Located within walking distance from the Red Line Metro station, the renovation of the Canada Dry bottling plant is an adaptive reuse and redevelopment of an historic industrial facility. Located in the heart of Silver Spring, the renovation removed the bulk of the facility and salvaged the dramatic Streamline Moderne style entry and corporate offices of the former plant. The salvaged plant entry became the symbolic front door and central architectural feature of the new residential community. The original dramatic stair hall behind the glass block entry is maintained and restored to its original condition. The Historical Society of Silver Spring particularly calls out the design and materials of this ‘rotunda entrance’ for its exemplary architectural significance. As a part of the redevelopment, a minor street was eliminated, and an open space hardscape square now occurs in front of the historic building and creates an appropriate setting for this iconic structure.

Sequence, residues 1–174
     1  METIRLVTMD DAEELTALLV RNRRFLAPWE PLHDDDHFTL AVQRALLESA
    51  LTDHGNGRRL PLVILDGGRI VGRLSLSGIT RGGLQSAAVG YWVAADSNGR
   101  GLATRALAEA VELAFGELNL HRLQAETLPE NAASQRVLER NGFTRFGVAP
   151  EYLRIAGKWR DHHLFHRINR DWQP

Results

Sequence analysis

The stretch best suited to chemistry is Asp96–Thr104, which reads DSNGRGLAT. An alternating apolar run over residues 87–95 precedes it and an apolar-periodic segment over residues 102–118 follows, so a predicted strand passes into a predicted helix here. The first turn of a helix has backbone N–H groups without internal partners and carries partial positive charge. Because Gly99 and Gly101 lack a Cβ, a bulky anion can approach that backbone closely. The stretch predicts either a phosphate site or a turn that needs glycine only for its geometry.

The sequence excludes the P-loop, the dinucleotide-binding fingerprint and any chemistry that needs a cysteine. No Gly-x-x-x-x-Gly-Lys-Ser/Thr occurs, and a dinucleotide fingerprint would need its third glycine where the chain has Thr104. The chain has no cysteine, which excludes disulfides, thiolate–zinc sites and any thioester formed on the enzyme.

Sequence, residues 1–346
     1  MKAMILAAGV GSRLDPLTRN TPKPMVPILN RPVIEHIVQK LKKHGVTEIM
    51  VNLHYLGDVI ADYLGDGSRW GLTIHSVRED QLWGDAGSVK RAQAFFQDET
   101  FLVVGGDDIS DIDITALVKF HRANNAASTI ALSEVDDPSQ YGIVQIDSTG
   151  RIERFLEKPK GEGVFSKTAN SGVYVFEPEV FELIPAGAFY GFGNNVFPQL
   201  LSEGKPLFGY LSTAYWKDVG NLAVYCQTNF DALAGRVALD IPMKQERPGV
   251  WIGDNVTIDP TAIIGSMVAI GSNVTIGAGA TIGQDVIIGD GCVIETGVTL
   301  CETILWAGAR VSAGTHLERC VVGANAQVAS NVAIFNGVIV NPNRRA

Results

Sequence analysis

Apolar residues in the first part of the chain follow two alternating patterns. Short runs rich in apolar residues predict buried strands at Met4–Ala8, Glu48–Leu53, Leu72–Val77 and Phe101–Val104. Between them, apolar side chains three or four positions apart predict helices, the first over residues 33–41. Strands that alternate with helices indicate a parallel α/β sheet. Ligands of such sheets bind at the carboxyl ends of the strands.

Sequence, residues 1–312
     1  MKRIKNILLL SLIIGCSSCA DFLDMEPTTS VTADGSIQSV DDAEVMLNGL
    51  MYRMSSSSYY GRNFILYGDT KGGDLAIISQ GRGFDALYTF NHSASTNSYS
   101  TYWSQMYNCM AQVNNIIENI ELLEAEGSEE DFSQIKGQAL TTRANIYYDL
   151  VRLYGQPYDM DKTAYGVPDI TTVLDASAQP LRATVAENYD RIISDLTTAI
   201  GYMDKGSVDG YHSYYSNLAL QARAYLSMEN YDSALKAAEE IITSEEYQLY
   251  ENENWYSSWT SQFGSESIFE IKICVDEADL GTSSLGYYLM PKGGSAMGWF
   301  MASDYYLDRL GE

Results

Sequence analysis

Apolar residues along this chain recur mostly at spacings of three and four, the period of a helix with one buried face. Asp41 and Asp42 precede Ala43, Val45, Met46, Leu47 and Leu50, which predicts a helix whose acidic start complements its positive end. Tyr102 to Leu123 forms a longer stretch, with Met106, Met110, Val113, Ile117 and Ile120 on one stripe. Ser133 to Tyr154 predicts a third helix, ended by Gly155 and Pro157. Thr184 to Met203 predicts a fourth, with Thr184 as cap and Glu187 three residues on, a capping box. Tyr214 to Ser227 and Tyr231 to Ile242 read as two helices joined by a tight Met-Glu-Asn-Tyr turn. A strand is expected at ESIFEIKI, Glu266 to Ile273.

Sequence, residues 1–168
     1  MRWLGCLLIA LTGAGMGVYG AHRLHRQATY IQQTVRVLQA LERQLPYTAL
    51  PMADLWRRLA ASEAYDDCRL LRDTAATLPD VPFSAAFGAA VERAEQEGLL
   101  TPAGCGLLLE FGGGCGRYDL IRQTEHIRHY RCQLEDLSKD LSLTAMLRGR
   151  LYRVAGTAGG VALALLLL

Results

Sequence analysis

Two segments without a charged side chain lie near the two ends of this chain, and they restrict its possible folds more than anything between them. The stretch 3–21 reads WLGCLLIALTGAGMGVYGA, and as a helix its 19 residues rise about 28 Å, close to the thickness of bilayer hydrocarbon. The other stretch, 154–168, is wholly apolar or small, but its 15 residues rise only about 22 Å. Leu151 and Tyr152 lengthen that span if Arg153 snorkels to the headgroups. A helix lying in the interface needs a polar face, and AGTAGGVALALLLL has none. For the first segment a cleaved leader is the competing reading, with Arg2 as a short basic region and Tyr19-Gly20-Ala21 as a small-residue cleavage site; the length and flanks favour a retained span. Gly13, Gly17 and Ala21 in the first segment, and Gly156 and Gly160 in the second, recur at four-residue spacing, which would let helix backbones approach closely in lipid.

New construction replaced the remainder of the plant that was demolished. The new construction is a 5-story residential building containing 210 units in a 2-courtyard configuration. The southern courtyard lies between the new building and the historic building. A single bay, above ground, 250 space parking structure backs up to the railroad tracks and buffers the apartments from the noise of the passing trains.

The historic Canada Dry building contains the lobby and amenity spaces for the community as well as apartments fitted into the structure. A 2-story roof addition in a sympathetic Streamline style has additional units and serves to boost the presence of the original, which could have been overwhelmed by new surrounding taller buildings. The new building establishes streetscape presence with ground floor units on East/West Highway that have individual door yards and stoops.

The interior walls of the rotunda entrance are faced with ginger-colored structural tiles, sized to match the glass block of the prominent window that provides a diffused and serene light. The entrance lobby floor and steps are terrazzo, with a pattern of circles resembling soda bubbles. A curving decorative, open, flat iron railing provides a strong visual line for the cantilevered curving stairway along the interior lobby wall.